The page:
Implicit as the influence of the content mill may be,  the industry is neither a benign nor welcome contributor to the blogosphere.  Major content generators, particularly Demand Media, Associated Content and AOL, have been grinding out a fine mix of wheat and chaff for some time.  Experienced web searchers have been agitated, aggravated and downright grumpy about the pollution of web content for ages.  Still, the tipping point seems to be Spring 2010 when financially troubled Yahoo acquired mass content producer Associated Content.

A host of vested interests hoisted a digital red flag.

At this writing, these interests are coalescing.  A recent player, the Internet Content Syndication Council, represents some major content generators including Reuters and The Tribune Company.  ICSC is circulating a document that lays out a framework for a position paper on online content syndication.    Addressing the inclusion of milled content, that document reads “to counter this threat, the Internet Content Syndication Council believes the time has come to start an industry discussion about the best way to preserve standards of quality for informational content.”  There’s talk about modifying the Google algorithm to consider the factor of quality – what a concept!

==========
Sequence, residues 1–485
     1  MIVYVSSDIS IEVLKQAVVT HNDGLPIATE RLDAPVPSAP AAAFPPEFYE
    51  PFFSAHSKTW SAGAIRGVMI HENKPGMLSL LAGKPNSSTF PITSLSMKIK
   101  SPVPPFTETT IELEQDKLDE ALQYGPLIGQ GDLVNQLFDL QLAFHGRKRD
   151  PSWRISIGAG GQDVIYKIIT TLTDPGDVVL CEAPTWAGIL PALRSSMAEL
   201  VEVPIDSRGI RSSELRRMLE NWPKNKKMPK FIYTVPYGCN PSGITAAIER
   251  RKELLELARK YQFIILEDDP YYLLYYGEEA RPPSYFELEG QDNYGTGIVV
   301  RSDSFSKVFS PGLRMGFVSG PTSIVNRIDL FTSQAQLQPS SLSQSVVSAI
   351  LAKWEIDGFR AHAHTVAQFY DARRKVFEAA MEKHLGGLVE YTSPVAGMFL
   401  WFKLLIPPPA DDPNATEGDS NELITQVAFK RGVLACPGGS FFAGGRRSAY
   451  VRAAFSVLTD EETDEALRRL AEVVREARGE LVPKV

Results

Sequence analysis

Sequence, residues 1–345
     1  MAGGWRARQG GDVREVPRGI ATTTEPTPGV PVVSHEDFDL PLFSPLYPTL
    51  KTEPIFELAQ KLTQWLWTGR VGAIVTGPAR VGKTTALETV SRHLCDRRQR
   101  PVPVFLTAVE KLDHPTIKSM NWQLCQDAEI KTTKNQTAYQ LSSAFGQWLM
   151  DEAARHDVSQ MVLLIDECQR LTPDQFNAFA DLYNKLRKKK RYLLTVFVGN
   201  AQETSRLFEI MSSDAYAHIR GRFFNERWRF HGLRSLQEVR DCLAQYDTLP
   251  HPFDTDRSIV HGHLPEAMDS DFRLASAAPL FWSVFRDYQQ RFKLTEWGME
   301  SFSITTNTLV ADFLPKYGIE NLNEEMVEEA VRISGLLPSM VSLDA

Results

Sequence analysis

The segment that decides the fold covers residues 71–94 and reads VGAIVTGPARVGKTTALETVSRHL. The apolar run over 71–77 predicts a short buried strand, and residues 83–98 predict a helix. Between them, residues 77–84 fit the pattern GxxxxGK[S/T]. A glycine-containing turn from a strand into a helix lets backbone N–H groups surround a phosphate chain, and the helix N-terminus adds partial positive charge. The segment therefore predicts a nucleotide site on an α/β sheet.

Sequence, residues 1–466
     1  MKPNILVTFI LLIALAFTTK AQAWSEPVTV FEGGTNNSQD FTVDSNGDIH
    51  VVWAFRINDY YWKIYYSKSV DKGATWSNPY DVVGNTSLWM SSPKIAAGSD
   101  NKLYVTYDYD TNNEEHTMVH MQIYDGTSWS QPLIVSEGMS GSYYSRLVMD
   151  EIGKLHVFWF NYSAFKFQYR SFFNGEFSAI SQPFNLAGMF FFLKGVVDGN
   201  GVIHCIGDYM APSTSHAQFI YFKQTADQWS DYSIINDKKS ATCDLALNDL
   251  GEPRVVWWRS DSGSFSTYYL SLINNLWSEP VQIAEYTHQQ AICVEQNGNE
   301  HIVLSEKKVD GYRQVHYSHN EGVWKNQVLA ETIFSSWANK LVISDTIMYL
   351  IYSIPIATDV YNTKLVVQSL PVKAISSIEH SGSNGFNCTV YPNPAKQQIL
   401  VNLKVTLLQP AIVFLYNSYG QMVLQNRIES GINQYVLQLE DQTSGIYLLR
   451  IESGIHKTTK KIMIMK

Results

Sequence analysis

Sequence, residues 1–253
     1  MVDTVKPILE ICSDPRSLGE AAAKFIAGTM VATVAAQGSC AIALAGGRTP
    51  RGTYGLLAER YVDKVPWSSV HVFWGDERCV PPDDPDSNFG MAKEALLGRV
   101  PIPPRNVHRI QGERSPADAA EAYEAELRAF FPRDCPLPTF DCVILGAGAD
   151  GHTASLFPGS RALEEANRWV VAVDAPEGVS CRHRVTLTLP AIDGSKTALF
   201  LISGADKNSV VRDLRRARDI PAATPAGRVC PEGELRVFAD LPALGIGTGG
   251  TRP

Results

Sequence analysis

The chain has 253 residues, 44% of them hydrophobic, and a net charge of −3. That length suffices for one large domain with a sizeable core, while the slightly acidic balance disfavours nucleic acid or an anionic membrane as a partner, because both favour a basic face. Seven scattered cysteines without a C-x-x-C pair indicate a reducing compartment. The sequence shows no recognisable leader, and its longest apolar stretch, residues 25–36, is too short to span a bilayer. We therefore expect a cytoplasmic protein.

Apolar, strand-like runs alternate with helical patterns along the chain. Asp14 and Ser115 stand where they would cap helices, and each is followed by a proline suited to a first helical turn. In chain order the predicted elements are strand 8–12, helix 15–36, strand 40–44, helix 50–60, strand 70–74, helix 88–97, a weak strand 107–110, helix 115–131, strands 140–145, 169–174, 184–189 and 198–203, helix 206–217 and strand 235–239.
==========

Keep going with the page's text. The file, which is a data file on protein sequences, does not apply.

The stalwarts who still care about quality of information – and who eschew digital garbage – welcome any discussion of quality.  One can only hope that advertisers will see the light.  It could be that a united nudge from the public could make a different at this juncture when the winnowing process is in motion.

The wheels of justice grind slowly, but they do grind exceeding small.